Clay Smith and Jade Corkill looked like their old selves in Round 5, making the fastest run of the rodeo in 3.6 seconds, after three frustrating rounds prior that saw them shut out with a no-time and two legs.
“Three horses so far for me,” Corkill, 33, of Fallon, Nevada, said. “It wasn’t really my horses that didn’t feel good. For whatever reason—I can’t really peg it—the timing was off and everything was weird.”
But in Round 5, a great draw made the difference. They were sixth out, and Clay Tryan and Jake Long’s 3.7 was already winning the round, followed by Cody Snow and Junior Nogueira’s 4.0.
“When we went, the round was looking pretty tough,” said Smith, 29, of Broken Bow, Oklahoma. “We knew we had to try to make a pretty good run. We just had a good enough steer to let us do it.”
Don’t miss! If you’re not already receiving The Team Roping Journal’s weekly newsletter, sign up now.
“Clay got a really good start,” three-time World Champ Corkill added. “We knew the steer from the other day—we ran him in the practice deal. He was really good then. He was even better tonight. He got such a good start, it felt like he kind of slowed up and felt like he had it on him extremely fast and I just caught.”
Reigning and two-time World Champion Smith rode his grade, gray gelding, Marty—a horse so great, his performance needs no explanation.
Corkill opted for Huey, registered as JLC Royal American—an 11-year-old gelding he rode at the 2019 Finals.
“I was going to ride him the other night, but he was pretty sore acting, so I didn’t. I just decided today he’s going to have to deal with it later.”
Dream Team: Smith’s Marty and Corkill’s Huey Make It Look Easy
Besides changing horses and drawing a great steer, the team also switched up their routine. Today was the first time they’ve practiced all week.
“Maybe we’ll practice again tomorrow,” Corkill offered, laughing.
And for as great as Marty always is, Smith made a few practice runs to keep him right today, too.
“I run a couple on Marty just to make sure he wasn’t going to duck at all,” Smith said. “But, I mean, he’s pretty smart, so he’s going to feel different at home it seems like. I kinda almost need him a little bit tight. I mean, I don’t need to tell him to turn off, which I don’t normally have to. But I ran a few on him, and had some other horses we practice on, and got to run some steers, quite a few, today.”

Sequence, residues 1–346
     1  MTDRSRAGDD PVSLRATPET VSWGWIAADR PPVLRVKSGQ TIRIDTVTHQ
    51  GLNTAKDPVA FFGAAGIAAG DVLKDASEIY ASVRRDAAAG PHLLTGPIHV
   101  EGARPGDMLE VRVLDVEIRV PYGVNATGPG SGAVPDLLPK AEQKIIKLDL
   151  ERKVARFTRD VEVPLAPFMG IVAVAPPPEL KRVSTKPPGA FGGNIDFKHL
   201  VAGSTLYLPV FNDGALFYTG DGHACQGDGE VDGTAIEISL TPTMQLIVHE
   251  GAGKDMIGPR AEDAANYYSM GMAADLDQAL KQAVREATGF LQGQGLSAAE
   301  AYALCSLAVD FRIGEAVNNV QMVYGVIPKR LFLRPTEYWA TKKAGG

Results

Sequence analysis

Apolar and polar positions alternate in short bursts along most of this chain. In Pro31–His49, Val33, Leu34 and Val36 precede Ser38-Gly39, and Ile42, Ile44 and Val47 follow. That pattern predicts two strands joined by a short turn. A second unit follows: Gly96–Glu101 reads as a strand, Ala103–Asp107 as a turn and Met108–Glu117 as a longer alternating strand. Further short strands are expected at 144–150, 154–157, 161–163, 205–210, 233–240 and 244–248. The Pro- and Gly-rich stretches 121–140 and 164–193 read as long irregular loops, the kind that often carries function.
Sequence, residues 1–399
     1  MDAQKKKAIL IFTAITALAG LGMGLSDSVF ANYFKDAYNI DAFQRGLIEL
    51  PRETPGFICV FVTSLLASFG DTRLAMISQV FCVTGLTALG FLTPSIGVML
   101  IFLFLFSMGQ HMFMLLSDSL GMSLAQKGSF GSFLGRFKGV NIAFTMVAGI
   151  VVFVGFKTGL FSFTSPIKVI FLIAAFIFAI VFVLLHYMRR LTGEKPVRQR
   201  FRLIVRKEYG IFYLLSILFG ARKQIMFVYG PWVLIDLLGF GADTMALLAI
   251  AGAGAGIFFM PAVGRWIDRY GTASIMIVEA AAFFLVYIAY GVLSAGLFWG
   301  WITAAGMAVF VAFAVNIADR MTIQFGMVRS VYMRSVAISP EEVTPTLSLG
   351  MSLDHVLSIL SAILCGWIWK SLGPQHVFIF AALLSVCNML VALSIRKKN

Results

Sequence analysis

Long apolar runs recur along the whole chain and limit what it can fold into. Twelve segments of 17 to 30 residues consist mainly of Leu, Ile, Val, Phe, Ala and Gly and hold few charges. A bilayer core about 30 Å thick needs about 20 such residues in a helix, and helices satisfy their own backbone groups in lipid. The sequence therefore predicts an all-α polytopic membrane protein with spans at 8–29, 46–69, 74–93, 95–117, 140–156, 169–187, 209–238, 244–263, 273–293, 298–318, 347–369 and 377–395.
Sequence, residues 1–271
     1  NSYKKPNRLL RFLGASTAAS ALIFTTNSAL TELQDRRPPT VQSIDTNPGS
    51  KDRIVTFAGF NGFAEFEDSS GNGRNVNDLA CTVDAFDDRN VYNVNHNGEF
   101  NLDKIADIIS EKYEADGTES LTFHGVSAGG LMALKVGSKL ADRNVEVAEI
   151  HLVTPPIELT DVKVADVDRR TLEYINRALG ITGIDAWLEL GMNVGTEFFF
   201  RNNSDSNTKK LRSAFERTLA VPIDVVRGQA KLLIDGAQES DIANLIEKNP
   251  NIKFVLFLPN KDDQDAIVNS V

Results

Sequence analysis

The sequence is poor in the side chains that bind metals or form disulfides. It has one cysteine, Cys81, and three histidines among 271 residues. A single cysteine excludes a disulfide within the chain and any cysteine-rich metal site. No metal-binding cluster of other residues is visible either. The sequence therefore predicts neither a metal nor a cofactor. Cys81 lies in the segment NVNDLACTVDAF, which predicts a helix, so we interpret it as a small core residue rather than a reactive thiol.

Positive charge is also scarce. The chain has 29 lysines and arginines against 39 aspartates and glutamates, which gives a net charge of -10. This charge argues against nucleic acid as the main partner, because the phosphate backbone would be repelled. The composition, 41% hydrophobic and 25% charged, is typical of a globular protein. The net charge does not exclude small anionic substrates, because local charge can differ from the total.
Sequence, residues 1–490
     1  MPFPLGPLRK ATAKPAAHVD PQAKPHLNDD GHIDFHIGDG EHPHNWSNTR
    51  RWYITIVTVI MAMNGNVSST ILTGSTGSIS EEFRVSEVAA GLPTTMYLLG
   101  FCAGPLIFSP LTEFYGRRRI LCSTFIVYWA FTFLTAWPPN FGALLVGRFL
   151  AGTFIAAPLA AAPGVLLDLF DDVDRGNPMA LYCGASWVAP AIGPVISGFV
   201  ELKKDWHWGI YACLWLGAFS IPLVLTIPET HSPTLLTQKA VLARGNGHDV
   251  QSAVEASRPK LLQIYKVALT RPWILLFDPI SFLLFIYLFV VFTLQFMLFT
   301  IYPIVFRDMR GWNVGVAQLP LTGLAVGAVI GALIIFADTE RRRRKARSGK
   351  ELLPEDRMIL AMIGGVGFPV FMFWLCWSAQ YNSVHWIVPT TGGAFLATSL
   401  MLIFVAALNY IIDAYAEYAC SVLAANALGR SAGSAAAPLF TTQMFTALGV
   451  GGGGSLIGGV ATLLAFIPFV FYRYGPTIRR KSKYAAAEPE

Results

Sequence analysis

While plenty of headers have found the strange angle to the left bucking chutes a bit of a challenge so far in Globe Life Field, Smith hasn’t had as much of an issue.
Listen to Clay Smith and Jade Corkill on The Score for an update from their Round 5 win HERE
“It’s really not a problem for me because you have to reach a little bit, so I don’t have that problem,” Smith said, only half-kidding. “I was closer tonight that it might be. But if your steer stays pretty straight and you don’t throw too many coils, it seems like you have just enough room. Jade heels them fast and gets them tight like that, I don’t think it will be a big problem, unless you get a steer that sure-enough comes left. But it is kind of a funky corner right there. It seems like it’s pretty close, especially if you have one stepping left and you have to take an extra swing to catch the feet.”
Their win, worth 26,230.77 world championship points per man, puts them third in the world standings (up from sixth and fifth) with $116,934.32 each.
The round-win also shot them up from ninth to splitting sixth and seventh in the average, with a time of 27.00 seconds on four head. That’s just 3.5 seconds out of the fifth-place average team of Luke Brown and Joseph Harrison, 6.8 seconds out of the fourth-place spot held by Levi Simpson and Shay Carroll, and 7.5 seconds out of third, held by Andrew Ward and Buddy Hawkins. Only two teams have five steers down: the first-place team of Erich Rogers and Paden Bray with a time of 40.10 seconds on five, and the second-place team of Dustin Egusquiza and Travis Graves at 41.60 on five.
“We just want to play the course,” Corkill said. “We’re going to hopefully move up in the average some, and just try to win whatever the steer lets us win and go as fast as we can without messing up and see how it turns out at the end.” TRJ
Clay Tryan and Jake Long: 3.7 seconds
Andrew Ward and Buddy Hawkins: 4.1 seconds
Dustin Egusquiza and Travis Graves: 4.6 + 5 + 10 seconds
Colby Lovell and Paul Eaves: NT—Illegal head catch
Cody Snow and Junior Nogueira: 4.0 seconds
Clay Smith and Jade Corkill: 3.6 seconds
Luke Brown and Joseph Harrison: NT
Brenten Hall and Chase Tryan: 4.1 + 5 seconds
Kolton Schmidt and Hunter Koch: NT
Jeff Flenniken and Tyler Worley: NT
Nelson Wyatt and Levi Lord: NT
Erich Rogers and Paden Bray: 5.0 seconds
Chad Masters and Wesley Thorp: 5.0 + 10 seconds
Charly Crawford and Logan Medlin: 6.3 seconds
Levi Simpson and Shay Carroll: 4.7 seconds